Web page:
They take a while to reel from this, then start thinking, since they need funding, about using it to play the lottery, and settle on stock trades. What happens involves them setting the box on a fifteen-minute delay, then getting out of there and spending the day holed up in a hotel, all communication turned off. The reason for this is that the time travel will temporarily create a double, and they need to take pains not to run into their double or cause anything while their other self is out there. There's a diagram on this Wikipedia page that explains the whole thing, and also gives you a plot summary that is more coherent than what you're going to get here, because I'm just going to write about what I saw. Anyway, they execute a trade, make some money, and this sets up them going through this process a few more times. Soon they find that the process causes them to bleed from the ears. And eventually Aaron has the idea to use the machine to get the satisfaction of punching his boss in the face--then undoing it--which they dismiss, but starts to stick in a strange way.

From now on, things start getting more and more bewildering, as the narrative fractures because the guys are going back in time, further and further, breaking up events, altering them, then dealing with consequences they don't yet understand. They see Granger (the investor they were trying to entice) following them. In a very spooky scene, Aaron follows Abe following Granger behind a house at night, and when we get back there, both Aaron and Granger are lying on the ground, and we have no idea what happened. We learn that Abe is stealing, and for a while it seems like he is the bad seed, but we soon learn that Aaron is recording all of his own conversations, then using them to re-live many scenes with a few seconds advance notice of what will happen. Aaron finds out that Abe has made another box without his knowledge, and what's more, that this box folds up and fits INSIDE the other box. Then we learn that Aaron is colluding with his own double. Eventually the guys part, now sworn enemies. We have these hot credits as seen above.

Again, the plot summary on the Wiki page will make much more sense of what happened, but what's impressive about the film is the way it manages to stay intriguing, and even develop tension and suspense, despite the fact that you don't have a clue what is happening. Certain revelations manage to elicit a kind of gasp--like seeing Granger lying unconscious or that one of the guys is in collusion with a double--even as one has no idea how it all fits into a larger narrative. Which I think is kind of an amazing accomplishment. Think of all the movies that try to keep viewers in the dark for while, only to explain everything later, but find that the audience has lost all interest once the revelations come. And yet this one manages to become ever-MORE intriguing precisely because you know you'll never understand it.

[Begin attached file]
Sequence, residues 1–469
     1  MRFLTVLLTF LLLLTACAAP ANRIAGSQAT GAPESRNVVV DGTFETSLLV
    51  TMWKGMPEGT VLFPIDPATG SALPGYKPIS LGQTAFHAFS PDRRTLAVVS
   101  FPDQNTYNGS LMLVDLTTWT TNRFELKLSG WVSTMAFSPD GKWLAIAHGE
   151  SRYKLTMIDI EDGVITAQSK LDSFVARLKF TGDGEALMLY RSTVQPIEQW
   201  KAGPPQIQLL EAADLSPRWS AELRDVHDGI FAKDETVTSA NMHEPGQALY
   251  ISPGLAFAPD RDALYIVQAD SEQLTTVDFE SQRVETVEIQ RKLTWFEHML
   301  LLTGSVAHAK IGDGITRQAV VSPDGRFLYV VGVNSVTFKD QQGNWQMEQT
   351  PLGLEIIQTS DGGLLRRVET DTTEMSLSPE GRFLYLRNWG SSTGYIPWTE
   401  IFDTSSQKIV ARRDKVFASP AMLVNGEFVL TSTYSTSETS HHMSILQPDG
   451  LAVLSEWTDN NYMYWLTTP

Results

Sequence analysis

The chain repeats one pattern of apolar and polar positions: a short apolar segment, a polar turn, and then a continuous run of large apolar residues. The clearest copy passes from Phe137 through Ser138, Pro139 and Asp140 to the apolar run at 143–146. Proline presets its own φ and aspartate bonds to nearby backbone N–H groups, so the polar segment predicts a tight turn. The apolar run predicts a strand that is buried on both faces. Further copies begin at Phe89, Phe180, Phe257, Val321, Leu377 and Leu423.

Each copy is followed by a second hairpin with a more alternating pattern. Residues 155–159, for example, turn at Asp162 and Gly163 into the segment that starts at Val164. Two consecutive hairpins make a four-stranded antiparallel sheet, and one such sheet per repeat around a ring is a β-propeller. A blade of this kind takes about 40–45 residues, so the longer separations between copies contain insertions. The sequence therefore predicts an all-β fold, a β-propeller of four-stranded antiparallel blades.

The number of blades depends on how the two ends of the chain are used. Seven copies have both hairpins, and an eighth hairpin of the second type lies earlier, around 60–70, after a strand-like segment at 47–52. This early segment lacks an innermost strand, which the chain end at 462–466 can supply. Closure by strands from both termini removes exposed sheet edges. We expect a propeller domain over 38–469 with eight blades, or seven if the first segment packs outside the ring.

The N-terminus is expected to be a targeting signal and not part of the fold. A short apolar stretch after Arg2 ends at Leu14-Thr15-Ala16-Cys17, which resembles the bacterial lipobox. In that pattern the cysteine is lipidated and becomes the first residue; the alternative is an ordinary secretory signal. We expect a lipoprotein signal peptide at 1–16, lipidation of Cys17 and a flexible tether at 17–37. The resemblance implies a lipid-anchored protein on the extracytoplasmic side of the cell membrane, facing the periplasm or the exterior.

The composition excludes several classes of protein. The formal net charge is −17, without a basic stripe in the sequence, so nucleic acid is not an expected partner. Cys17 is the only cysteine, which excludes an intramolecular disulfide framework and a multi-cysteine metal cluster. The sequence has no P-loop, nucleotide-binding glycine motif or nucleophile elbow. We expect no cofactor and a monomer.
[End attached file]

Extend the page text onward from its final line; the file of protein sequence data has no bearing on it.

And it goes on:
We find that Carruth, even on his micro-budget, has a great eye for creating effective, evocative images, several of which linger in the mind; the guys seen through the windows of the garage door, the box looming as silhouette in the foreground, reflections of freeway overpasses as the guys drive down the highway, the guys, after the first trip, sitting, staring in exhausted wonder at what they've created, a sudden (and amazingly effective) motion-controlled shot where the camera moves with an obvious mechanical motion. Then you have the simple but awesome end credits, showing that this guy has a graphic designer's eye, and making you wonder why most other movie's credits have to be so plain.

And by the way, the trailer is amazing.

So, the rare micro-budget self-made movie that really manages to impress and make an astonishing amount out of just a little. That said--it lacks a bit of full movie satisfaction, because after a certain point, one can't understand what's happening! It does have a kind of conclusion, that settles the story in a good-enough way that doesn't keep you hanging, but the main fun of this movie is just how well the story is told and the strange fun of watching everything spin out of control to an extent that even we can't follow it.

I was wondering why I haven't heard more from this director, thinking I must have just missed his several follow-ups, but it turns out he hasn't had any--UNTIL NOW. Yes, this very week his next film is coming out, promises to be another weird trip-out, this time involving pharmaceuticals (one of my favorite topics) and I can't wait! Nice surprise to want another film, and have one coming just a few days away. You have that long to get primed.

Should you watch it: 

Yes, just know that it's hard to make sense of.